Cathay Pacific will launch new routes only after return to full capacity
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Cathay Pacific will launch new routes only after return to full capacity

Airline to relaunch flights between Hong Kong and Riyadh in Q4

Cathay Pacific Airways will stick to its timeline for achieving full pre-pandemic capacity, its boss says. (Photo: South China Morning Post)
Cathay Pacific Airways will stick to its timeline for achieving full pre-pandemic capacity, its boss says. (Photo: South China Morning Post)

HONG KONG: Hong Kong flag carrier Cathay Pacific Airways will not expand into new routes until after it restores full capacity by the first quarter of next year, its chairman has said, adding that speeding up its timeline "is not the right thing to do".

Cathay chairman Patrick Healy told the South China Morning Post on Monday that the carrier had no plans yet to expand its network or bring forward its target despite now reaching 80% of the pre-pandemic capacity.

"At the moment we are still building back the network post-pandemic. We're at 80% of pre-pandemic capacity at the moment," he said in Dubai on the sidelines of the annual general meeting of the International Air Transport Association (IATA), an airline trade body.

Healy said that by the time the carrier reached full capacity by early next year, the number of destinations would be restored from the present 80 to 90, and only then would it start looking at other locations such as in the Middle East.

"So the focus until now really has been building back the frequency and the destination network that we had pre-Covid," he said.

"Once we've achieved that, then clearly we're looking for expansion opportunities. There's a lot of interest in the Middle East these days out of Hong Kong for obvious reasons. But clearly those opportunities we're going to be very aware of."

Cathay is expected to launch a long-awaited direct service to Saudi Arabian capital Riyadh in October after a signing ceremony on Thursday as calls mount for the carrier to roll out more destinations, especially in the Middle East.

The company earlier announced it would relaunch passenger flights between Hong Kong and Riyadh in the fourth quarter as the government pursued stronger trade and investment links with Saudi Arabia. The Saudi route was axed in March 2017.

Healy insisted the company would stick to the timeline for achieving full pre-pandemic capacity without further delay, saying it was the right timing.

"It is a complex [rebuilding] process. We have recruitment, training and the supply chains. There are many parts to that jigsaw to put it all in place. And so we've had a build back plan," he said.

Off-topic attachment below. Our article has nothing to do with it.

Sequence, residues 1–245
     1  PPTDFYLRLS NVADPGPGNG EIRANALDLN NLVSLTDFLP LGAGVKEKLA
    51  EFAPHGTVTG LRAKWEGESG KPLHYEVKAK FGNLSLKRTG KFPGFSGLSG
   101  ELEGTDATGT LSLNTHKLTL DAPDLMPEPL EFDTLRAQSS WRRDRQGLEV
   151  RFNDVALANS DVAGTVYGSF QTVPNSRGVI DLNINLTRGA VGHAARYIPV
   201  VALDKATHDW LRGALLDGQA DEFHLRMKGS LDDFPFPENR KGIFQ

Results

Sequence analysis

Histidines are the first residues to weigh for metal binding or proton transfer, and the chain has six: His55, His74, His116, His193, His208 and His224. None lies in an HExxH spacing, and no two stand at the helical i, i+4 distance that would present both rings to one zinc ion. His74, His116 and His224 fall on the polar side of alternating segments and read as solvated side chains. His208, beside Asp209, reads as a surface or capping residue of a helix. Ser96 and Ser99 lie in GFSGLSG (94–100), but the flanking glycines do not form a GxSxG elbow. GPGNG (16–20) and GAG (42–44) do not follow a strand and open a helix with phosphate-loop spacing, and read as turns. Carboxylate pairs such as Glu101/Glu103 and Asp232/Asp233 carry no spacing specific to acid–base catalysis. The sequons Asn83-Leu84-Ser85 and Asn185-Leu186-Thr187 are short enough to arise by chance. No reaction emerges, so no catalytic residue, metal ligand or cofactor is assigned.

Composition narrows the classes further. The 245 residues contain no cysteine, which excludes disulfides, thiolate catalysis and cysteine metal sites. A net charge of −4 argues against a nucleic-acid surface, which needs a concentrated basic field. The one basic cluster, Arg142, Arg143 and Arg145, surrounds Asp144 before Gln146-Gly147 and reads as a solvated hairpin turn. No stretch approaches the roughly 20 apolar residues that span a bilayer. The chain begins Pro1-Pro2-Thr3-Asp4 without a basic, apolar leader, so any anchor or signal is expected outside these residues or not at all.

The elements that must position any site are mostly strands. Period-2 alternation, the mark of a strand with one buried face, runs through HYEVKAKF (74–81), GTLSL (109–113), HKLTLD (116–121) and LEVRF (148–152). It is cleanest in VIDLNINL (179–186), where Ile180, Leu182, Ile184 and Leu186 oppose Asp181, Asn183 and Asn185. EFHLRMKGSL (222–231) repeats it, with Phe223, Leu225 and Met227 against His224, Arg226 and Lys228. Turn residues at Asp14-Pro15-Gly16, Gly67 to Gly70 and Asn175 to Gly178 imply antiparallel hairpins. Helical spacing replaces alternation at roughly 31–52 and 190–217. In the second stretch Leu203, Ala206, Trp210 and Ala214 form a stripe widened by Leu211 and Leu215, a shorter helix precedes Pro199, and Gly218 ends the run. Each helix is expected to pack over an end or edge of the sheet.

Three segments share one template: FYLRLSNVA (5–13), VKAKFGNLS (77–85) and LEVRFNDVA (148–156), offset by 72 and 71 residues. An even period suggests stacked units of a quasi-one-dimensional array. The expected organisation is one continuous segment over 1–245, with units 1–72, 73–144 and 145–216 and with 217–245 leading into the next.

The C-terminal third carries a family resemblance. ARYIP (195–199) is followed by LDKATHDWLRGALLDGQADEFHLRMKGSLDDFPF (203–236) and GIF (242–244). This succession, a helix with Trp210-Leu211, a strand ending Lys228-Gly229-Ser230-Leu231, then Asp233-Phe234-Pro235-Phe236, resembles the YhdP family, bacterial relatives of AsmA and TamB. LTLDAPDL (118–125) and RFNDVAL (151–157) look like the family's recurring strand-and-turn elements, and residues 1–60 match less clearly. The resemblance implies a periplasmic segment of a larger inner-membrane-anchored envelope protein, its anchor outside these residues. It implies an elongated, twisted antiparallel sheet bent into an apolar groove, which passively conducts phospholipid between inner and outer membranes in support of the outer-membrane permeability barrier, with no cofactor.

"And so I think accelerating it wouldn't be the right thing to do … We're very confident that we'll be at 100% of pre-Covid capacity by the first quarter of 2025."

Healy also expressed optimism over the outlook for Cathay in 2025 on the back of the launch of the airport's third runway at the end of this year and Hong Kong's further integration into the Greater Bay Area (GBA).

"Obviously the third runway is a great opportunity for us and for the whole of aviation in Hong Kong. So we see that as a growth opportunity. Cathay Pacific will continue to grow," he said.

"There's a lot of integration into the GBA. There's an opportunity not only for aviation, for Cathay, but the whole of Hong Kong. We see a lot of growth opportunities there."

He added: "Business [for Cathay] continues to be strong. Demand is strong … We've got tremendous confidence in the future."

Cathay has been pushing back its target of restoring pre-pandemic capacity to early 2025 from the last quarter of this year after being hit by tremendous flight cancellations. The company cancelled 786 flights between last December and February - more than 4% of the total.

The airline needs another 500 pilots this year to meet its target of reaching pre-pandemic capacity early next year. The new hires will increase the number of pilots to 3,400, still 400 fewer than in early 2020.

The recovery of Hong Kong's tourism sector was slower than expected in 2023, with flight capacity limitations a factor.

The bay area is Beijing's plan to link Hong Kong and Macau and nine cities in neighbouring Guangdong province to create an economic powerhouse.

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